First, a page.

Stryker Leibinger GmbH (Freiburg, Germany), a division of Stryker, has implemented 2DMI marking to prevent counterfeiting of its products. Stryker Leibinger Micro Implants, one of the leading names in metal medical implants, specializes in small screws and plates that are used to repair fractures of the mid-face, mandible, and hand, for both neurological and reconstructive purposes. Explains Andreas Ippisch, project engineer, research & development, “Our products are used to repair tiny bones following trauma and are used in small delicate operations. In fact the biggest screw we make is only 3.2 mm x 42 mm. And some of our screws are only 1 mm in diameter with a 1.8 mm diameter head and 2mm length. Our products are made from either pure titanium or titanium alloy.”
At first glance, this may seem to be an unlikely product-type for counterfeiting. However, these are high value products and the company has experienced problems with copies of inferior material in the marketplace. Clearly it is not in the interest of the patient or Stryker for these unregulated copies to make their way into critical surgeries. Furthermore, the FDA requires that, if the technology is available, implant suppliers implement a product traceability system that allows product tracking from initial fabrication all the way to the patient. There is also the issue of trans-shipment where distributors may illegally divert products intended for one country to another country in order to avoid or reduce import duties and other fees.
Stryker utilizes a 2DMI marking system based on an all solid-state, ultraviolet laser (Coherent Avia). This source provides the required spatial resolution and power for making small marks in titanium. They are using Image Team 4600 PDF handheld readers to read the marks. The company plans to use 2DMI to now mark every individual component with up to 12 bits of information.
FIGURE 3. A UV laser marking system can produce miniaturized 2DMI marks as on this titanium screw head.
The 2DMI system satisfies Stryker’s goal of marking even the tiniest of screws with a proprietary system mark that can only be read by Stryker personnel, licensed agents, and customers. Ippisch explains that, “Mark miniaturization is the key for our application. On a screw head as small as 1.8 mm diameter, when you allow for the size of the slots or driving notches, there is very little room left for a mark. Yet with 2DMI and a UV laser, we can code 15 digits of information into a mark that is between 250 and 350 microns square (see Figure 3). And because we have a unique coding algorithm supplied by Orbid, no-one but Stryker and our associates can read the code or produce counterfeit products that appear as though they were made by our company.”
Marking stainless-steel beer kegs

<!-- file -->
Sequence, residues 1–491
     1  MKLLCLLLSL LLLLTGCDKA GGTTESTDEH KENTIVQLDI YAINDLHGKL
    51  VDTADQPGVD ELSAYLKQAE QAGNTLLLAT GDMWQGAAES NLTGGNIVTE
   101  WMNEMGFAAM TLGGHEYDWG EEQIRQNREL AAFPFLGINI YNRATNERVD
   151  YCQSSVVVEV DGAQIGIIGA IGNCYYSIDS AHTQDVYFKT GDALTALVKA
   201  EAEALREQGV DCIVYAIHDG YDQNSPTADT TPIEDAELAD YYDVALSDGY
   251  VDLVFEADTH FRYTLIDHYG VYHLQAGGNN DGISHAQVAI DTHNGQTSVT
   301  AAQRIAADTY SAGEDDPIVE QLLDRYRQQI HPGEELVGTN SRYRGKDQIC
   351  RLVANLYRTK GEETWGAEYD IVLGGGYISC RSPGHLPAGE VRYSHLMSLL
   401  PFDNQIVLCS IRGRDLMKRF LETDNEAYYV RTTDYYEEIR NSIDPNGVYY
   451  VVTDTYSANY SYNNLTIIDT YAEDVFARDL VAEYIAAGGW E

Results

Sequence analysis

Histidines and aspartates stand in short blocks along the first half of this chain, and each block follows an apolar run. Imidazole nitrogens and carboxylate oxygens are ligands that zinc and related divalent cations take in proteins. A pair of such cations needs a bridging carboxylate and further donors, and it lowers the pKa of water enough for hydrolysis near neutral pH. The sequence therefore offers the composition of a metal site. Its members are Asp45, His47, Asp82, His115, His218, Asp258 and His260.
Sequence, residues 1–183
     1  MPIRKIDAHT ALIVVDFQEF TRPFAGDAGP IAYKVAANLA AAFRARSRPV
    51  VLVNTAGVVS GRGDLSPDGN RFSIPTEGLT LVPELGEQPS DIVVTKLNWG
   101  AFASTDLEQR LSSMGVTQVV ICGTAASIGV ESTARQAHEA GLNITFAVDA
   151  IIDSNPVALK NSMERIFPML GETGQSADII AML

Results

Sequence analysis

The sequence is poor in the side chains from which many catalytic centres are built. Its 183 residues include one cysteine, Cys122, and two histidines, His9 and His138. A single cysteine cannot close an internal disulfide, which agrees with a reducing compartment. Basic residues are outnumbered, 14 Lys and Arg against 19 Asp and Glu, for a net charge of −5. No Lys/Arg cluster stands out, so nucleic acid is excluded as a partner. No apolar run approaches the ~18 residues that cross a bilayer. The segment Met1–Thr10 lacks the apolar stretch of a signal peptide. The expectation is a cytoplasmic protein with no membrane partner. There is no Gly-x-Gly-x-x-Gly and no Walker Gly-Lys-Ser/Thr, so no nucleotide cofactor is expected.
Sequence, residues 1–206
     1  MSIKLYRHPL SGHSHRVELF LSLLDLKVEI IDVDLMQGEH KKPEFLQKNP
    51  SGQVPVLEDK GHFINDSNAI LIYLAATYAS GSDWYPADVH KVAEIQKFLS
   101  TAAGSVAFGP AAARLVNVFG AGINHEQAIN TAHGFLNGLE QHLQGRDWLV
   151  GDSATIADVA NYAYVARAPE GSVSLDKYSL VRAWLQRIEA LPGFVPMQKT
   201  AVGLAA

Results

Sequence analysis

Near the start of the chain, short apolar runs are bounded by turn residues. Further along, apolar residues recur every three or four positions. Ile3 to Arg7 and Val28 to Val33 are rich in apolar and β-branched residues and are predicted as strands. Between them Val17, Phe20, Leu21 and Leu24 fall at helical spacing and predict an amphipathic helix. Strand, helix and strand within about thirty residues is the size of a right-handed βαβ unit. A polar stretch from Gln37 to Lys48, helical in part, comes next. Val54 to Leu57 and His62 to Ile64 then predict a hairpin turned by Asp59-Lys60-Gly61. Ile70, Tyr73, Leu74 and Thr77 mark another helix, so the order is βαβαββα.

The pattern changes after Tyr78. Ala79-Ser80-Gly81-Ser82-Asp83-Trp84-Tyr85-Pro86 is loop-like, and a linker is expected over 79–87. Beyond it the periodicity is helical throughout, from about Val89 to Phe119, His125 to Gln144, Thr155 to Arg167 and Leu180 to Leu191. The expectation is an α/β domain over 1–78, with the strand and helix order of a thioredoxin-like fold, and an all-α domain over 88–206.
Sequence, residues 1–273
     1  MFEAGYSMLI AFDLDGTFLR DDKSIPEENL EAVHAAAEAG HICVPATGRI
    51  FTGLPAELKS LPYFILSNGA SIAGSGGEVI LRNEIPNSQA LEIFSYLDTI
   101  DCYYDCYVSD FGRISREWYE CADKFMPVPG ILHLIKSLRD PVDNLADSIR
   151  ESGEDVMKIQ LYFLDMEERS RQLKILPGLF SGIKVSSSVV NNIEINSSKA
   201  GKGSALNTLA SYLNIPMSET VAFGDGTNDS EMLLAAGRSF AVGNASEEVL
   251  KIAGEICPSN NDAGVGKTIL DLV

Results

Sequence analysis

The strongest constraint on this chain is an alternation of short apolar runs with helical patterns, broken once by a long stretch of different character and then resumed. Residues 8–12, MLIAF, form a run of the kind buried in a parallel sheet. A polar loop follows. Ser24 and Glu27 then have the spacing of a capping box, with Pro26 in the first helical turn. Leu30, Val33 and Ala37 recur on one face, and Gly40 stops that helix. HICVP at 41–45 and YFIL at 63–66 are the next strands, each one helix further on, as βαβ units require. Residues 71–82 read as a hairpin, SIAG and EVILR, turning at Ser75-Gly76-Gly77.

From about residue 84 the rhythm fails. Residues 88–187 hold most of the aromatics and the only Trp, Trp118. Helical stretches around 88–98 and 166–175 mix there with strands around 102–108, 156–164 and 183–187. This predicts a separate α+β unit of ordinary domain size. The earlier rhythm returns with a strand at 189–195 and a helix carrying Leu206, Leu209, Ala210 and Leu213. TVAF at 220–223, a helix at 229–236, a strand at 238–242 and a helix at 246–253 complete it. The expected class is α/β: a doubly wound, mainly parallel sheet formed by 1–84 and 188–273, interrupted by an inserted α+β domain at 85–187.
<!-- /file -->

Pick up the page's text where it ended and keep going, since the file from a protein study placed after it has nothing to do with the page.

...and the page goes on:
Trumer Brauerei, producer of Trumer Pils, an authentic European pilsner originating in Austria and brewed in Berkeley, CA, recently adopted 2DMI marking for its stainless-steel kegs because of the mark’s durability and resistance to damage. Master Brewer Lars Larson explains, “The typical beer keg has an expected lifetime of 20 to 30 years. It may be filled between two and 10 times a year depending on the market, with seal changes performed after roughly every 10 fills. These beer kegs have a rough and long life, accumulating lots of scratches and dings over that lifetime. We are hoping that the 2DMI system will stand up to this abuse and ultimately allow us to track, trace, and inventory every one of our kegs. All tests so far indicate that this will be successful. The biggest challenge so far is in optimizing the scanning process. Should this technology prove itself at our brewery, there are implications for use at the other breweries within our organization, which carry larger keg fleets than Trumer.”
FIGURE 4. The 2DMI mark can withstand cosmetic damage without information loss, which is an advantage for long-life products such as this stainless steel beer keg.
To date Trumer has marked about half their total of several thousand kegs (see Figure 4). These are marked on both the top and bottom surface. Several different sized marks were tested for readability, with the final choice measuring just less than 19 mm. Both the top and bottom surfaces must be marked because beer kegs are cleaned and filled upside down. Having a mark on the lower surface has allowed Trumer to integrate an automatic recording system that logs the kegs as they leave the filling station. The kegs are then stacked upright on pallets. They are then scanned at shipping using a handheld scanner on the top surface. And finally, returned kegs are manually scanned upon return to the brewery, before any cleaning is performed.
In conclusion, the applications for laser marking continue to grow and diversify. The development of a new type of two-dimensional mark will add considerable value and integrity over both the traditional barcode and alphanumeric-type marks for many diverse products. At the same time, continued advances in solid-state lasers, especially with output in the UV, means that these benefits can be realized without adding undue cost to the marked products.
David Clark (firstname.lastname@example.org) is with Coherent Inc. and Kevin Simmons (email@example.com) is with Orbid Corp.